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  • Managing Armed Conflict in Southeast Asia:The Role of Mediation
  • Michael Vatikiotis (bio)

The Southeast Asian region is more peaceful than it has been in the past six decades. Interstate conflict is a distant memory, and many —though not all —of the internal conflicts that erupted in the process of nation building after the colonial era have either subsided or have been resolved. ASEAN is proud of the fact that compared with neighbouring regions, relations among member states are relatively harmonious and security is for the most part assured.

There are glaring exceptions, however. In several parts of the region stubborn irredentist conflict sustains low intensity armed violence. In recent years, internal conflicts in the Southern Philippines, Southern Thailand and parts of Indonesia have flared up. In Southern Thailand, more than 3,500 lives have been lost since 2004. In 2008 a flare up of violence in the Southern Philippines resulted in the loss of 300 lives and the displacement of almost half a million people.

The fact that most of these conflicts pit Muslim against non-Muslim communities (in Indonesia's Maluku province, Mindanao in the Southern Philippines and Southern Thailand) has meant they attracted wider attention because of the dangers of wider international terrorist involvement.

Management of these conflicts has been partially successful. Over the years, governments have forged temporary ceasefire agreements, implemented some special local political arrangements, or placated communal feelings sufficiently enough to keep violence at a manageable level. But resolution in terms of reaching effective agreements to permanently end hostilities and address grievances through far reaching political and legal arrangements has been rare. [End Page 28]

One notable exception appears to be Aceh. The long running conflict between the Indonesian authorities and the Free Aceh Movement was settled after the signing of a Memorandum of Understanding in Helsinki in August 2005. The settlement, which allowed the former rebel groups to set up their own political parties, came after more than six years of efforts by private mediators from the Centre for Humanitarian Dialogue, and latterly the Conflict Management Initiative, to bring the two sides together.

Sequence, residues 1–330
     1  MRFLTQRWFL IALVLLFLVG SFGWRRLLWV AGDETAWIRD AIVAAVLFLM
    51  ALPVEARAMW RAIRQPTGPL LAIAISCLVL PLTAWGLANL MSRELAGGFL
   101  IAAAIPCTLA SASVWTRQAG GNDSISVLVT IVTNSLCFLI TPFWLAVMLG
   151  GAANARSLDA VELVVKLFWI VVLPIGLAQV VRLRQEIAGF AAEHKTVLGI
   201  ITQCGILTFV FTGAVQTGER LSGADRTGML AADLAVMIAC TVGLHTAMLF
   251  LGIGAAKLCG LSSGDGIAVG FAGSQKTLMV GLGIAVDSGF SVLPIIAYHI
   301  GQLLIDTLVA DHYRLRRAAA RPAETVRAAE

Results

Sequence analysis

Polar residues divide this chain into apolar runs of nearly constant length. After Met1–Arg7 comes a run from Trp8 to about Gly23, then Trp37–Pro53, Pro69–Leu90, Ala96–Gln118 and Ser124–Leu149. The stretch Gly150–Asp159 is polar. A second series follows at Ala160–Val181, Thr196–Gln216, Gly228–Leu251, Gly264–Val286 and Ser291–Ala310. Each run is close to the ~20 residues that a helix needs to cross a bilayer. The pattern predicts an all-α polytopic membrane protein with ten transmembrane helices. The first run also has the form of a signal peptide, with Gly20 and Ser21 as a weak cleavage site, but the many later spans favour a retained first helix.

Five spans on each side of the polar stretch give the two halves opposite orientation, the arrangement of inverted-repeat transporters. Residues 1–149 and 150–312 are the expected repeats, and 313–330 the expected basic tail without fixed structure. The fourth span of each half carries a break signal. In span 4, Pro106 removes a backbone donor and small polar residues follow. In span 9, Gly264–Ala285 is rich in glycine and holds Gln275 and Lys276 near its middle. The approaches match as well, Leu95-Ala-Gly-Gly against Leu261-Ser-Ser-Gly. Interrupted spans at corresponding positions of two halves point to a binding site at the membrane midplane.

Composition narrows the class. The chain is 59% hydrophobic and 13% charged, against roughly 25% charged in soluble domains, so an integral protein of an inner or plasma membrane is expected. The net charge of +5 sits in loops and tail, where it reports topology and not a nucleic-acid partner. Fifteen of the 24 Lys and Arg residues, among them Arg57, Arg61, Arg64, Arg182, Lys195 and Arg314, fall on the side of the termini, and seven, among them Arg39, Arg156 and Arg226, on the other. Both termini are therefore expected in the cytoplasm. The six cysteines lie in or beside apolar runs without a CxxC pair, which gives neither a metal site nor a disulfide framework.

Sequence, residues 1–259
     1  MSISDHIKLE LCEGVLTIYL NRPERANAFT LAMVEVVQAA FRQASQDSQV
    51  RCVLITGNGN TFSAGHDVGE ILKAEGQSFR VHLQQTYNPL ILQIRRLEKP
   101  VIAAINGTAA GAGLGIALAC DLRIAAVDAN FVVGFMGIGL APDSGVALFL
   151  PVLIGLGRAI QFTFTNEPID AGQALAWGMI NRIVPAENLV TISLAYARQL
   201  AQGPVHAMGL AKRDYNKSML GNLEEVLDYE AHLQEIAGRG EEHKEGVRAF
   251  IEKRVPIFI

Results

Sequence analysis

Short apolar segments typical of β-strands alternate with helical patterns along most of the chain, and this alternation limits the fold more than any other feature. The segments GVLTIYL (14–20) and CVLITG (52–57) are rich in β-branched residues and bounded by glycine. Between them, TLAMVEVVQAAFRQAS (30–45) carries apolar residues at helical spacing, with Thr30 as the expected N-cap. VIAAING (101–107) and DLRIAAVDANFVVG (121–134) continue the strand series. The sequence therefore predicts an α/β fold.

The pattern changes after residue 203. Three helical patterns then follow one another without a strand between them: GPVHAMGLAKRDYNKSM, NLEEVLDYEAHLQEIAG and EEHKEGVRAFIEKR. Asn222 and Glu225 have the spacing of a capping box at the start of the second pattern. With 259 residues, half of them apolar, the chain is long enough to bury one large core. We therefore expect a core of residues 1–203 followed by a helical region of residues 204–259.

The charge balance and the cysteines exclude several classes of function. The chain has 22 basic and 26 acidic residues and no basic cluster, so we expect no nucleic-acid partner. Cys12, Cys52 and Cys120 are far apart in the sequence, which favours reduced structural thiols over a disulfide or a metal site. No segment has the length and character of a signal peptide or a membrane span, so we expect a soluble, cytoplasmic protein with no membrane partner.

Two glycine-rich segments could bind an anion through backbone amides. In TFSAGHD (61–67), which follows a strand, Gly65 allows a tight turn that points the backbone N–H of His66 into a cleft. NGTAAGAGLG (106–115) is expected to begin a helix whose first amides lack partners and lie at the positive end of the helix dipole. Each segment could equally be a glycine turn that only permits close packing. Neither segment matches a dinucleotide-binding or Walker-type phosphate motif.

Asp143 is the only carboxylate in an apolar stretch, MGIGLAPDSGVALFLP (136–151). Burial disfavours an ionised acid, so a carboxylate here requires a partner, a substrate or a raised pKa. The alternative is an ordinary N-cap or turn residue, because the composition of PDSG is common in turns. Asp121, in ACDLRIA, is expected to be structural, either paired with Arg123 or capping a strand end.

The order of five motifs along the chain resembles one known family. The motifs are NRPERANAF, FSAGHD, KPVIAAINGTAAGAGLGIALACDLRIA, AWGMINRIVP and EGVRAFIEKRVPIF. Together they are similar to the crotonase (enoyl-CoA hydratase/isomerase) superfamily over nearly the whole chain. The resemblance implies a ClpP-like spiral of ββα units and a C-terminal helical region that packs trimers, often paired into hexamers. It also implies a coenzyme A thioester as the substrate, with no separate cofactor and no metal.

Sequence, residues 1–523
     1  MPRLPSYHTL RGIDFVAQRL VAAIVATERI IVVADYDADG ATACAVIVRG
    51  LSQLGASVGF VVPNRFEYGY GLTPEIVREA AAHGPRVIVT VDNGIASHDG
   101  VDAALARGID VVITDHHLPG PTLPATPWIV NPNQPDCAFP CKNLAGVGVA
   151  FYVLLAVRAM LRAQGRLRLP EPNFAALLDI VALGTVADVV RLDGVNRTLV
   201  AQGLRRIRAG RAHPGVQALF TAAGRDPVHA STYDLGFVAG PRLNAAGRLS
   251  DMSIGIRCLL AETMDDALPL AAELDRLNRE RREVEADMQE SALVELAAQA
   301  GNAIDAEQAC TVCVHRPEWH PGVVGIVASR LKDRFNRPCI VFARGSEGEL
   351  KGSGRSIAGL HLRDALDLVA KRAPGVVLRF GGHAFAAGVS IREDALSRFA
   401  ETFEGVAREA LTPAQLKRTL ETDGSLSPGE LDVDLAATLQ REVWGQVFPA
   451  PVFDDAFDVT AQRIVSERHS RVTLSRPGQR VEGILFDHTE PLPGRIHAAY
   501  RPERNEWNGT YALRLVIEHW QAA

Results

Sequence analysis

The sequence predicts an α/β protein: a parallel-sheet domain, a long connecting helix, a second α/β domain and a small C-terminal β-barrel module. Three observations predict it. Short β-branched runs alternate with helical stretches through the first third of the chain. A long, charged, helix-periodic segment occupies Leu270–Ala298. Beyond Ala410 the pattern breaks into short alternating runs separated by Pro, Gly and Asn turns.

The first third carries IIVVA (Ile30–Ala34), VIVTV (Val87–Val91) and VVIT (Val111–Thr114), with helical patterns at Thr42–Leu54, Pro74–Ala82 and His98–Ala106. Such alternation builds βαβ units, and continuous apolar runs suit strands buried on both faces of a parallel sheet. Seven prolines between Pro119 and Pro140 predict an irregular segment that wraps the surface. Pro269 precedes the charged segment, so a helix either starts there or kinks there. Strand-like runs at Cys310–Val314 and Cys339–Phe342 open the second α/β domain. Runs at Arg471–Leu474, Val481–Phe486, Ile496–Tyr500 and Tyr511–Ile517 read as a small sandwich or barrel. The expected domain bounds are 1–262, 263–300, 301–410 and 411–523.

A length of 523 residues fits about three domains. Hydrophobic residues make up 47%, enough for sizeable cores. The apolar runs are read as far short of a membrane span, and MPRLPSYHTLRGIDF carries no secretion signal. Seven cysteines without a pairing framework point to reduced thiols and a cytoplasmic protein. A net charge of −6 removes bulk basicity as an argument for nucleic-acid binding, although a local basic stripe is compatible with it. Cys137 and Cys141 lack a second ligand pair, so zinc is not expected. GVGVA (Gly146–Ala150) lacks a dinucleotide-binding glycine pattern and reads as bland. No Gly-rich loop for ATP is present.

The successful settlement of conflict in Aceh has raised the profile of mediation as a tool of conflict resolution in Southeast Asia and inevitably prompted questions of whether similar strategies of facilitation and mediation by a third party in an internal armed conflict can help effectively reduce violence and settle long standing grievances. This article argues that this is indeed the case, and offers a general set of suggestions aimed at encouraging parties conflicting in the region to embrace modern mediation strategies.

Traditionally, governments in Southeast Asia are strongly averse to infringements of sovereignty. A collection for the most part of modern states with memories of relatively recent colonial rule, Southeast Asian nations have stoutly resisted embracing collective formal security mechanisms that provide for intervention in internal disputes. ASEAN was established formally more than forty years ago as a cooperative economic grouping, whereas in reality the five original member states were economic competitors in need of more assured collective security.

Yet underlying these rigid positions on interference is an equally strong tradition of informal diplomacy that has generated some successful instances of mediation. In the 1980s and 1990s, for example, ASEAN member states cooperated to help resolve the Cambodian conflict. In many other instances, one country has helped another deal with violent conflict, as when Thailand and Malaysia cooperated in the late 1980s to settle a long running communist insurgency aimed at Malaysia, or when Indonesia helped broker a deal between the government in Manila and the Moro Nationalist Liberation Front in 1996.

Despite their success, all these instances of third party mediation have been presented as exceptions that prove the rule. Rather than embrace the need for an institutionalized process of mediation and conflict resolution within the region, ASEAN member states have preferred to stand solidly behind a firm insistence on non-interference. So much so that when Indonesia and Malaysia offered to help mediate in the resurgent conflict in Southern Thailand after 2004, Thailand said it preferred not to have the involvement of a third country settling an internal conflict. More than a decade after the MNLF agreement...


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pp. 28-35
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